How to spot an American.

Coming to Spain I thought I would be surrounded by only Spanish, but living with two French girls has been completely different. They speak French, Spanish, and English and so does my third roommate who is from Spain; so the dominate language spoken in the house is French then Spanish. This means that causal conversation is typically in French. I’m used to being in the dark with Spanish but French is a whole other ball game. Spanish I can at least follow the conversation and understand what is happening. French I know nothing.

Soria has a university here which is why there is so many young people, however being that when out in public the girls speak French we’ve met other French girls. Majority of the time I stand there and smile and laugh whenever they do because I feel awkward when I don’t. Most people we meet assume that I am French too or at least can speak it but obviously that’s not true. I typically get nervous when I tell people I’m from the states because in South America people think differently of you, but here the reaction I get is more of a surprise.

I met a guy from England and he was just surprised I was even in Soria because it is so small. People get so excited and then try to speak in English but I try to respond in Spanish. It’s very interesting how people get so excited or surprised that I am an American. When I speak Spanish obviously you can tell because I mispronounce things. For example, we went to this bar called Bandalay, and I asked, “tienes wifi?” but in Spain it’s pronounced “wee-fee.” The bartender look at me strange until I said it correctly and he chuckled and I told him that Spaniards are the ones to pronounce it wrong.

Streets in Soria

Another tell that I am American is when we are out at clubs I don’t sing along to most of the songs. The main reason being that I have never heard the song before so I just sway back and fourth. However, when we were at Lolita, our favorite bar, I requested Salt Shaker by the Ying-Yang Twins. 1) the bartender had no idea what the hell I was talking about so I had to write it down for her. 2) when that song came on you better believe I broke it down.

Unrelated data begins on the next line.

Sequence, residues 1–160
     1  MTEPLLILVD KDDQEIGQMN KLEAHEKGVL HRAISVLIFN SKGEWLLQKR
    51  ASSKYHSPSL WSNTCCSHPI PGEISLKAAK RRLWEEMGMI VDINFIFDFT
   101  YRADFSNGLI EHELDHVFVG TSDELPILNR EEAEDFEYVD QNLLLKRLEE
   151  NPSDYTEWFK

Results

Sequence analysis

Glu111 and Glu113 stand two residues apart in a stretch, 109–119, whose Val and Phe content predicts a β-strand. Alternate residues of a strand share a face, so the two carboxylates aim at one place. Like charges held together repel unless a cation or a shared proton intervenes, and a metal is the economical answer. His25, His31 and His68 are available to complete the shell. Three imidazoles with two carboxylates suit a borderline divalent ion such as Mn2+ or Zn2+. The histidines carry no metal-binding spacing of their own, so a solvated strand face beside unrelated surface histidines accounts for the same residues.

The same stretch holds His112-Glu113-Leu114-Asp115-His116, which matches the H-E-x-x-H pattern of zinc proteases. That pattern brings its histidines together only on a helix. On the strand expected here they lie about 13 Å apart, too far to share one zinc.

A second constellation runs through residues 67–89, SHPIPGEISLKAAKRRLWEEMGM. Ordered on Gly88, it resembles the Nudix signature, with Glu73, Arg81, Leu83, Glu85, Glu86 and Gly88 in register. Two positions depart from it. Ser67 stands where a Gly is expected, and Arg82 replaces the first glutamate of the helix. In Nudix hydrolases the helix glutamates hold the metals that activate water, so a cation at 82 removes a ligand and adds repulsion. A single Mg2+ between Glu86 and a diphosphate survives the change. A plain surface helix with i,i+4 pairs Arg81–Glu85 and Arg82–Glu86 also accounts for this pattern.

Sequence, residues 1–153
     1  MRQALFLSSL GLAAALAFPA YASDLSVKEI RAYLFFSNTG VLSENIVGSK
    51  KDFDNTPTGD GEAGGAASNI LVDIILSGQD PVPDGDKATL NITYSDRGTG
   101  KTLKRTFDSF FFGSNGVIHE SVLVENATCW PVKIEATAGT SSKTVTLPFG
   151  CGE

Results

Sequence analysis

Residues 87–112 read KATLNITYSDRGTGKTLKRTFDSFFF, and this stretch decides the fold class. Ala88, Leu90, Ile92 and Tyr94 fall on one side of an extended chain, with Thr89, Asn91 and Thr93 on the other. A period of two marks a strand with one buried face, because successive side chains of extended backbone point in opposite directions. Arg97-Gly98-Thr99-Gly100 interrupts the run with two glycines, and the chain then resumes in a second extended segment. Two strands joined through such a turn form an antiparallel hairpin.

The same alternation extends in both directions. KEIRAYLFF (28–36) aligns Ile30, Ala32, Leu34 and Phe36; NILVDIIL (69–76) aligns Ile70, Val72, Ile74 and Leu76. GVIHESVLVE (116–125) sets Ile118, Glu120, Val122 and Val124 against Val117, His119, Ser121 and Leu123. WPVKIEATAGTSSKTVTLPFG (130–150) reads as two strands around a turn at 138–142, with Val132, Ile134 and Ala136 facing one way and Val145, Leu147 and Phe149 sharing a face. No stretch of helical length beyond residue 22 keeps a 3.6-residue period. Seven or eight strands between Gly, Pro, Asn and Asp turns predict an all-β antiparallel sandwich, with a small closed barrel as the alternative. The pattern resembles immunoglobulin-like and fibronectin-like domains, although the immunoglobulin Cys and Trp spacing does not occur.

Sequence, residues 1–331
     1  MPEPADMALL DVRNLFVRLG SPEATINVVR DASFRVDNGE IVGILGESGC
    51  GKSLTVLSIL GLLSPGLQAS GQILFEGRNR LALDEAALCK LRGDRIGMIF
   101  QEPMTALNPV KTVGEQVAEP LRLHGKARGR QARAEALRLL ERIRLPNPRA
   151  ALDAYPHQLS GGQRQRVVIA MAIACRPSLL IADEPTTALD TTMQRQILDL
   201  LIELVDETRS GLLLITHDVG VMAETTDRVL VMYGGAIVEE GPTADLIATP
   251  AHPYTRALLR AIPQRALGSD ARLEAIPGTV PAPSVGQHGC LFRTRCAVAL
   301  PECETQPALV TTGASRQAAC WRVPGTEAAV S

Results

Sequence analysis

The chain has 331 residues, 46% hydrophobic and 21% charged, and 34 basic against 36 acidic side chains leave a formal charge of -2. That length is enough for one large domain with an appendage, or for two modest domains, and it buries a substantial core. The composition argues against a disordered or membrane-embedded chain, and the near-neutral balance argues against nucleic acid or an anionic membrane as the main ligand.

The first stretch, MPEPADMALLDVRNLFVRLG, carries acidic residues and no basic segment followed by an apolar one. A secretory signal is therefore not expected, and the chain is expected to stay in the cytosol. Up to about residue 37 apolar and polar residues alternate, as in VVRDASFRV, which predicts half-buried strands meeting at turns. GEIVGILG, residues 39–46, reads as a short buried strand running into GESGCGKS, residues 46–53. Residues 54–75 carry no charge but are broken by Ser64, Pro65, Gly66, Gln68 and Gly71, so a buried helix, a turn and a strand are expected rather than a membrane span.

My roommates were all surprised that I could get down like that and everyone at the club was staring at me. More so at disbelief and shock rather than encouragement. As soon as the song ended though I went back to swaying back and fourth being quite. I guess people in Spain don’t dance like that unless their dancing with a boy. BUT on the bright side the bartenders now know who we are and get hype whenever we walk in. We always dance to whatever song and are always requesting songs to be played even when people aren’t there or they aren’t dancing. There is a drag queen that works there and every time we walk in she’s always like “hollaaaa chicaaaas” even when she’s on stage. There is also a really cute bartender whom my roommates are in love with, but it’s still a lot of fun. It’s not a bar for people our ages but I still think it’s a blast.

I have to to get my N.I.E which is like an identity card that allows me to open a bank account and travel freely throughout Europe. Plus it lets me stay longer after my visa expires. My french roommates have to get one too so luckily we can all go together. I also have to go shopping because I am tired to eating just pasta every single day. Shopping for groceries here is so difficult because I have no idea what the food is and what I typically eat isn’t in some of the markets. Spain also charges you for plastic bags to carry out your groceries, which I think is a good idea now that I know that, but when I first went to the store I luckily had my backpack to put everything in. When I got to the end to bag my items I was lost when there were no bags. The lady next to me had her own bag and thats when I realized I had to use my backpack.

This past week has been one big crippling learning curve and me trying to overcome my fear of speaking Spanish. I’m trying not to stand out too much but that’s also very difficult and I have been resting the urge to ask people if they speak English. I don’t start work until October 5th because there is a festival that happens in Soria, so once I figure out a normal routine and what my schedule will be I can start planning weekend trips to different cities. In the meantime, I’ll more than likely roam aimlessly around Soria— trying to find the best views or places to eat.


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